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What is the course and drift of your compact ?
Dro. S. I, sir? I never saw her till this tiine. Ant. S. Villain, thou liest; for even her very
words Didst thou deliver to me on the mart. Dro. S. I never spake with her in all my
life. Ant. S. How can she thus then call us by our
names, Unless it be by inspiration ?
Adr. How ill agrees it with your gravity, To counterfeit thus grossly with your slave, Abetting him to thwart me in my mood? Be it my wrong, you are from me exempt, But wrong not that wrong with a more con
tempt. Come, I will fasten on this sleeve of thine : Thou art an elm, my husband, I a vine; Whose weakness, married to thy stronger state, Makes me with thy strength to communicate: If aught possess thee from me, it is dross, Usurping ivy, briar, or idle moss;' Who, all for want of pruning, with intrusion Infect thy sap, and live on thy confusion. Ant. $. To me she speaks ; she moves me for
her theme :
you are from me exempt,] Johnson says that exempt means separated, parted; yet I think that Adriana does not use the word exempt in that sense, but means to say, that as he was her husband she had no power over him, and that he was privileged to do her wrong. M. Mason.
idle moss;] That is, moss that produces no fruit, but being unfertile is useless.
Luc. Dromio, go bid the servants spread for
dinner. Dro. S. O, for my beads! I cross me for a
sinner. This is the fairy land;-0, spite of spites! We talk with goblins, owls, and elvish sprites; If we obey them not, this will ensue, They'll suck our breath, or pinch us black and blue. Luc. Why prat’st thou to thyself, and answer’st
not? Dromio, thou drone, thou snail, thou slug, thou sot!
Dro. S. I am transformed, master, am not I?
No, I am an ape. Luc. If thou art chang'd to aught, 'tis to an ass. Dro. S. 'Tis true; she rides me, and I long for
grass. 'Tis so, I am an ass; else it could never be,
ca But I should know her as well as she knows me.
om Adr. Come, come, longer will I be a fool;
a , To put the finger in the eye and weep, , Whilst man, and master, laugh my woes to scorn. Come, sir, to dinner; Dromio, keep the gate:Husband, I'll dine above with you to-day, And shrive you of a thousand idle pranks: Şirrah, if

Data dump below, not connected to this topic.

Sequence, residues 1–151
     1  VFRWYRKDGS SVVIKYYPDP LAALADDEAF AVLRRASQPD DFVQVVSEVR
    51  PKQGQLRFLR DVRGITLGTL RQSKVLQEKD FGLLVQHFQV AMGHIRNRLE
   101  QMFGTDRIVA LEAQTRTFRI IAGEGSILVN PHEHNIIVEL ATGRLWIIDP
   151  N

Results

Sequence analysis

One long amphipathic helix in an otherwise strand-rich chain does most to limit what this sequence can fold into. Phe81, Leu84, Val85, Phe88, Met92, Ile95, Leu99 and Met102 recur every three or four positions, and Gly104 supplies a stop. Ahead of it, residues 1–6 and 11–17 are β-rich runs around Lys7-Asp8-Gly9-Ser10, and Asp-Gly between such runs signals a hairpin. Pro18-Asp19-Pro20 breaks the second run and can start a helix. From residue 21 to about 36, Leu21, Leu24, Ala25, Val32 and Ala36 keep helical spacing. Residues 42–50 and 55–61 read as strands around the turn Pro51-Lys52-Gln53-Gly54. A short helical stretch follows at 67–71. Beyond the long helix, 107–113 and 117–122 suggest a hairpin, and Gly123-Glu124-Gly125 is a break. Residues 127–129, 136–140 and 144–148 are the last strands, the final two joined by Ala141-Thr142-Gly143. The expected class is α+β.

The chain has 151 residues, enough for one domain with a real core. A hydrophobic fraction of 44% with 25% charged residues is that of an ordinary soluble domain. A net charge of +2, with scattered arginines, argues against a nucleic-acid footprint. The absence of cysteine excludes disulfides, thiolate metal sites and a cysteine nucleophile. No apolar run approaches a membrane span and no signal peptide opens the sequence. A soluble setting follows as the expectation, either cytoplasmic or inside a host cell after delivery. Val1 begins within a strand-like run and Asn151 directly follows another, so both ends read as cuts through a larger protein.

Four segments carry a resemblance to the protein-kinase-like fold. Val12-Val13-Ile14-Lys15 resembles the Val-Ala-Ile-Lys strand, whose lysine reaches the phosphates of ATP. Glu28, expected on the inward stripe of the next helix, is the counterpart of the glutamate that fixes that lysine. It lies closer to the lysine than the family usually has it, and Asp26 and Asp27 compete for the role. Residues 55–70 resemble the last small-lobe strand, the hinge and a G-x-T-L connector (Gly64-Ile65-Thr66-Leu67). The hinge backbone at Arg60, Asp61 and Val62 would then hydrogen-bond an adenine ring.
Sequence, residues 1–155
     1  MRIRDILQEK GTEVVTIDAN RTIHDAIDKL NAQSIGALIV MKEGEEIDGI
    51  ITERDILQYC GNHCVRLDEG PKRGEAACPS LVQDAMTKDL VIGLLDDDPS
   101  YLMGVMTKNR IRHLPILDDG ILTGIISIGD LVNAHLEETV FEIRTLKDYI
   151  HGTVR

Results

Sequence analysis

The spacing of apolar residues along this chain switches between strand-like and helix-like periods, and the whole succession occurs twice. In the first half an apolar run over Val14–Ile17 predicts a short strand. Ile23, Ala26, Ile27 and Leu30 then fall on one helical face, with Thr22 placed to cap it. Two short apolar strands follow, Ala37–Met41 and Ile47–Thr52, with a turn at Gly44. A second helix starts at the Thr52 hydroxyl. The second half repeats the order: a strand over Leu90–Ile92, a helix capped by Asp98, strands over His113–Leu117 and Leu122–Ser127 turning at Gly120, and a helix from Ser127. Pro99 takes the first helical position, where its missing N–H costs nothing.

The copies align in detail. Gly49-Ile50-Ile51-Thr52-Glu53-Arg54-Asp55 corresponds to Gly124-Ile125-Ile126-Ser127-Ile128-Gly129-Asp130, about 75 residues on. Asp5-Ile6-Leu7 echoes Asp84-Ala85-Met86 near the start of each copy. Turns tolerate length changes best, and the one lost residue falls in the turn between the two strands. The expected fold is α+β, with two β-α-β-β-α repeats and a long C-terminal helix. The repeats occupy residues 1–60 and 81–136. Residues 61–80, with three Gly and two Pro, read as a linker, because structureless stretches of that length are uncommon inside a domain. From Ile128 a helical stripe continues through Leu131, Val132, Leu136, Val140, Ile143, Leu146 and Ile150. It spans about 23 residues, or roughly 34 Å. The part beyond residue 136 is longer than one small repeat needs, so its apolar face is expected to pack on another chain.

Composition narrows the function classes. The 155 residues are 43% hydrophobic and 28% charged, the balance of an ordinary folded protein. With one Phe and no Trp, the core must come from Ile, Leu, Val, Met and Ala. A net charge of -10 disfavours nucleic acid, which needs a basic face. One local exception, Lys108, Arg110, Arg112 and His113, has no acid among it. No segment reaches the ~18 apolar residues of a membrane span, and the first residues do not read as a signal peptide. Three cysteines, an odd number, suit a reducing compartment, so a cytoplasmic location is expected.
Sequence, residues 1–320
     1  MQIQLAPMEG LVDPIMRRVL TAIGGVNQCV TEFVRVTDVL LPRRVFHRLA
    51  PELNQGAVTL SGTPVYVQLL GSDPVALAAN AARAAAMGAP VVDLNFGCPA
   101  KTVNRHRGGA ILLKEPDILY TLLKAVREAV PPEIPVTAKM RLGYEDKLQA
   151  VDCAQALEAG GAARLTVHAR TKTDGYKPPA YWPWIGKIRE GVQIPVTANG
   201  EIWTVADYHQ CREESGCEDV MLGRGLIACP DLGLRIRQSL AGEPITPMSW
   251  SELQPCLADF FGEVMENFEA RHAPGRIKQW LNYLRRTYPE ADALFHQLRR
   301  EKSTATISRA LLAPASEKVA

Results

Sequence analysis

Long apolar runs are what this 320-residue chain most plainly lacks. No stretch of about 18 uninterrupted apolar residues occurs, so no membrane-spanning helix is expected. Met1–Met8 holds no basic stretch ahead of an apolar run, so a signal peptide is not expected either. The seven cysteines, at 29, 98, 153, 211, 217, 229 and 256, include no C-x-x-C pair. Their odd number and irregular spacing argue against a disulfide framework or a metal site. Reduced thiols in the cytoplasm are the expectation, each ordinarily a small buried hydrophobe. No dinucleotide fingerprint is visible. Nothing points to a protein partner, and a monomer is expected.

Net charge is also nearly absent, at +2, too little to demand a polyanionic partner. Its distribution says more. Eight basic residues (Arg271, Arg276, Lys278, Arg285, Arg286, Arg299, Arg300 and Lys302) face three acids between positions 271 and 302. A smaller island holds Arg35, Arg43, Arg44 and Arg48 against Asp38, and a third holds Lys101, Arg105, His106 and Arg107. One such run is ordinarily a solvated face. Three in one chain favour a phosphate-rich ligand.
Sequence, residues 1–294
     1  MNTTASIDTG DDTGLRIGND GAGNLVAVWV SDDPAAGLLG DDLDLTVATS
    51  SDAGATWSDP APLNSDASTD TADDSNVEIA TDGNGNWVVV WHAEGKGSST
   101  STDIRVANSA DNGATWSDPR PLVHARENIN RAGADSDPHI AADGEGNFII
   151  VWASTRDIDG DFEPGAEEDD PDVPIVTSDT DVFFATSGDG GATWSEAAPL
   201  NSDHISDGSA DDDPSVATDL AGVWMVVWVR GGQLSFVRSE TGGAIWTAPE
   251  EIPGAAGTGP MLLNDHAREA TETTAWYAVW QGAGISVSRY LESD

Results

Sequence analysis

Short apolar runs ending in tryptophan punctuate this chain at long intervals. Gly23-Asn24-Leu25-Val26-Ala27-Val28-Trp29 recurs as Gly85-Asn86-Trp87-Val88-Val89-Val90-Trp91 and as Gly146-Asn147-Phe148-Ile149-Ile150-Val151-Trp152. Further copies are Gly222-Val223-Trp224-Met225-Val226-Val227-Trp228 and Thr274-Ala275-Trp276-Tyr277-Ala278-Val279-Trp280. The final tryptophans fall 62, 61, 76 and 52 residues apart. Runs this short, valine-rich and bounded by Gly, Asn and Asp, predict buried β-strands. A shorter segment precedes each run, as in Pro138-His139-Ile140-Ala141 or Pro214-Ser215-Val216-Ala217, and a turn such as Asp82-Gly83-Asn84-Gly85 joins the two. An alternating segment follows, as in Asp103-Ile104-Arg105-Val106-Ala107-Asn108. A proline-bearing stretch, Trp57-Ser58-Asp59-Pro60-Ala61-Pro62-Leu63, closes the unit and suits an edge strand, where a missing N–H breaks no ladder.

. any for your master, Say, he dines forth, and let no creature enter.-Come, sister:-Dromio, play the porter well.
Ant. S. Am I in earth, in heaven, or in hell? Sleeping or waking? mad, or well advis'd? . Known unto these, and to myself disguis'd !
13.0-And shrite you That is, I will call you to confession, and make you télites our ticketThat is
I'll say as they say, and perséver so,
; and let none enter, lest I break your
pate. Luc. Come, come, Antipholus, we dine too late.
SCENE I. The same.
Enter ANTIPHOLUS of Ephesus, DROMIO of Ephe
sus, ANGELO, and BALTHAZAR.
beat me at the mart, I have your hand to show:
carkanet,] Seems to have been a necklace, or rather chain, perhaps hanging down double from the neck.
If the skin were parchment, and the blows you gave
were ink, Your own handwriting would tell you what I
think. Ant. E. I think, thou art an ass. Dro. E,
Marry, so it doth
appear By the wrongs I suffer, and the blows I bear. I should kick, being kick’d; and, being at that
pass, You would keep from my heels, and beware of an
Ant. E. You are sad, signior Balthazar: 'Pray
God, our cheer May answer my good will, and your good welcome
here. Bal. I hold your dainties cheap, sir, and your
welcome dear. Ant. E. O, signior Balthazar, either at flesh or
A table full of welcome makes scarce one dainty
dish. Bal. Good meat, sir, is common; that every
churl affords. Ant. E. And welcome more common; for that's
nothing but words. Bal. Small cheer, and great welcome, makes a
Ant. E. Ay, to a niggardly host, and more spar
ing guest: But though my cates be mean, take them in good
part; Better cheer may you have, but not with better
heart. But, soft; my door is lock’d; Go bid them let us
in. Dro. E. Maud, Bridget, Marian, Cicely, Gillian,
Dro. S. [Within.] Mome, malt- horse, capon,
coxcomb, idiot, patch !9 Either get thee from the door, or sit down at the
hatch: Dost thou conjure for wenches, that thou call'st for
such store, When one is one too many? Go, get thee from the
door. Dro. E. What patch is made our porter? My
master stays in the street. Dro. S. Let him walk from whence he
lest he catch cold on's feet. Ant. E. Who talks within there? ho, open the
door. Dro. S. Right, sir, I'll tell you when, an
when, an you'll tell me wherefore. Ant. E. Wherefore? for my dinner; I have not
Dro. S. Nor to-day here you must not; come
again, when you may. Ant. E. What art thou, that keep'st me out from
the house I owe?1 Dro. S. The porter for this time, sir, and my
name is Dromio. Dro. E. O villain, thou hast stolen both mine
office and my name; The one ne'er got me credit, the other mickle
* Mome,] A dull stupid blockhead, a stock, a post. This owes its original to the French word Momon, which signifies the gaming at dice in masquerade, the custom and rule of which is, that a strict silence is to be observed: whatever sum one stakes, another covers, but not a word is to be spoken. From hence also comes our word mum! for silence. HAWKINS.
9 - patch!] i. e. fool. Alluding to the parti-coloured coats worn by the licensed fools or jesters of the age.
I owe?] i. e. I own, am owner of. VOL. IV.